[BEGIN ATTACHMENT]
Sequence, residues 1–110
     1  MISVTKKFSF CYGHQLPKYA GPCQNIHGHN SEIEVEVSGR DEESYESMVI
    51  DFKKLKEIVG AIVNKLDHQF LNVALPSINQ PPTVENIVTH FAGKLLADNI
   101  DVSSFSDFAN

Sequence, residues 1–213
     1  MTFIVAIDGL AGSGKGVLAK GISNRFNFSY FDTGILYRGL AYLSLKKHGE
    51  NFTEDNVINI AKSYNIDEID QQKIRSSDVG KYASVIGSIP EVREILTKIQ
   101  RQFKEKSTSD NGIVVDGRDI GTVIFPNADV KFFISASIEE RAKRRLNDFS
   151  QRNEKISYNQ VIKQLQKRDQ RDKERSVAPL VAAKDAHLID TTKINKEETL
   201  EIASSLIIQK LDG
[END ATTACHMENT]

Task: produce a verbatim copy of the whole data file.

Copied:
Sequence, residues 1–110
     1  MISVTKKFSF CYGHQLPKYA GPCQNIHGHN SEIEVEVSGR DEESYESMVI
    51  DFKKLKEIVG AIVNKLDHQF LNVALPSINQ PPTVENIVTH FAGKLLADNI
   101  DVSSFSDFAN

Sequence, residues 1–213
     1  MTFIVAIDGL AGSGKGVLAK GISNRFNFSY FDTGILYRGL AYLSLKKHGE
    51  NFTEDNVINI AKSYNIDEID QQKIRSSDVG KYASVIGSIP EVREILTKIQ
   101  RQFKEKSTSD NGIVVDGRDI GTVIFPNADV KFFISASIEE RAKRRLNDFS
   151  QRNEKISYNQ VIKQLQKRDQ RDKERSVAPL VAAKDAHLID TTKINKEETL
   201  EIASSLIIQK LDG